Coachella Valley Region
Golf great and part-time desert resident Arnold Palmer is being remembered across the Coachella Valley today. While his impact on the sport of golf is undeniable, the golf legend’s contributions to the Coachella Valley may be just as significant.
He was called "The King," winning 62 PGA tour events including seven major titles.
Following his death on Sunday, President Obama released a statement. Part of it reads: "With his homemade swing and homespun charm, Arnold Palmer had swagger before we had a name for it."
Close friend and golf rival Jack Nicklaus wrote: "Arnold transcended the game of golf. He was more than a golfer or even great golfer. He was an icon. He was a legend."
Palmer and his involvement in charity golf tournaments like the original Palm Springs Golf Classic helped to transform the Coachella valley into the golf mecca of the world.
"When Arnold showed up in the early sixties, he was dominating and he was a huge personality. He started something, even before, this tournament was very well known. And so that was critical in the development, and without him, you can argue whether television and golf would have really taken off," said John Foster, president of Desert Classic Charities.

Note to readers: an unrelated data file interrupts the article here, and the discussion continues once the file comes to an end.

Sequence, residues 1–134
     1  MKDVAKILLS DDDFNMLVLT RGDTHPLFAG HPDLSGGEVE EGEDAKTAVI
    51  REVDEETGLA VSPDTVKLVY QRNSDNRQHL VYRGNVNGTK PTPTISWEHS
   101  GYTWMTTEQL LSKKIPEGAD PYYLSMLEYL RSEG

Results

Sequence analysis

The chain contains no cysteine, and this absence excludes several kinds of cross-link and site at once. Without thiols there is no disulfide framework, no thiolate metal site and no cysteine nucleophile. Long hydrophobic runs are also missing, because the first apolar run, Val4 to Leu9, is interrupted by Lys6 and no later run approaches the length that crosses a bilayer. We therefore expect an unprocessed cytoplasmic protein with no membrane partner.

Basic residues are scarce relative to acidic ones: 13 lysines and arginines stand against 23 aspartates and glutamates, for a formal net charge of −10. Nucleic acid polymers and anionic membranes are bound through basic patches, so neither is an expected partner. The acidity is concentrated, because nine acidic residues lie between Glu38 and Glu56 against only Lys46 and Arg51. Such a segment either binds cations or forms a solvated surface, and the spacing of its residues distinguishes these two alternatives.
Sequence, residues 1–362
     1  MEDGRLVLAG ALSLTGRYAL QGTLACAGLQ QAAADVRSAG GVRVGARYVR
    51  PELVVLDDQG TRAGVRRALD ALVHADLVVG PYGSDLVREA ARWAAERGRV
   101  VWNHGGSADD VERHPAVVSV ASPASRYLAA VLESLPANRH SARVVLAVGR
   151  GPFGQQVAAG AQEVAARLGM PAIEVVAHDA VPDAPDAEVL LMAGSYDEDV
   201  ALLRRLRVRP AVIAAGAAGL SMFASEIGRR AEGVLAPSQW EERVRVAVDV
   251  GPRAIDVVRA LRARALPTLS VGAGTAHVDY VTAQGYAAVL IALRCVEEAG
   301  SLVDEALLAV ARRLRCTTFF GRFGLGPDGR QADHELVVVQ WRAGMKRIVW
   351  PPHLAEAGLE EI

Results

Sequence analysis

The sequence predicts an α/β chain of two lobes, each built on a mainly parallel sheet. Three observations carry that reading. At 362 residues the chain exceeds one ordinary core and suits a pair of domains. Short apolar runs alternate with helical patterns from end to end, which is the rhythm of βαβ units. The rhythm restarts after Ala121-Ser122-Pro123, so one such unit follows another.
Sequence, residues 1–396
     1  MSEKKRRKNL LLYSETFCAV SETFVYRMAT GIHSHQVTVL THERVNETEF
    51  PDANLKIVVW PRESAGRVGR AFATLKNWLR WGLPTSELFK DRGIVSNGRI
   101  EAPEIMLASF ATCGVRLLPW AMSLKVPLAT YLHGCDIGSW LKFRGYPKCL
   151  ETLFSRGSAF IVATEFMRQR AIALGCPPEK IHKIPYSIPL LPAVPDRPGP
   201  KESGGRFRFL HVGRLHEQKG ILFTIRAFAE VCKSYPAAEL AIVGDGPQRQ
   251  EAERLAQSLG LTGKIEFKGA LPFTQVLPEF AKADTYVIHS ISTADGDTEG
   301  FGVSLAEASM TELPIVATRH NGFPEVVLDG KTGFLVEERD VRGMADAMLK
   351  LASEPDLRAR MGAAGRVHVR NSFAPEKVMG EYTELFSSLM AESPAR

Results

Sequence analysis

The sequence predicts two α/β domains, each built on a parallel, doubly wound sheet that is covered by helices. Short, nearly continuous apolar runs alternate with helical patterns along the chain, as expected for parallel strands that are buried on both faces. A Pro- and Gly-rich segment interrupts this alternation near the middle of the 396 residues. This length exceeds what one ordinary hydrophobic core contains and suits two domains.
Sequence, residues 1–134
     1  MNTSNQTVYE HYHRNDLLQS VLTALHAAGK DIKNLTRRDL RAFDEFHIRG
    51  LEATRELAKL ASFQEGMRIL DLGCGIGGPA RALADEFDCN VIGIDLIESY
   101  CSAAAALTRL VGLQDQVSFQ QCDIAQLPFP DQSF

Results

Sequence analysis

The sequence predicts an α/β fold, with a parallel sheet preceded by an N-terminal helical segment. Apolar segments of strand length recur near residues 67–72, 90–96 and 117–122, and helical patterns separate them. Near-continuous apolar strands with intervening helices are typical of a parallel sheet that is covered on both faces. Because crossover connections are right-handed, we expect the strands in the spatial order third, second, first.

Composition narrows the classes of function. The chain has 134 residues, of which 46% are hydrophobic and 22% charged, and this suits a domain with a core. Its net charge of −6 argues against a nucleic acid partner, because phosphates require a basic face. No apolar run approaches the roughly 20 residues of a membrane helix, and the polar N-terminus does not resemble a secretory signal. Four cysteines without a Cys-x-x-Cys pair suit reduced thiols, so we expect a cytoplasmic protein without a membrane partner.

It was his time on television, with the snow caped San Jacinto Mountains in the back drop, that drew people to the desert from all over the country.
His involvement in charities like the former Bob Hope Classic helped to make the Coachella Valley what it is today.
"He was at the peak of his game when he played here faithfully every year. Then when you look at the fifty-seven million dollars that the Desert Classic Charities has contributed back to the Coachella Valley, we would never have been able to do that without support of icons and legends like himself," said Nick Raffaele, director of the Career Builder Challenge Golf Tournament.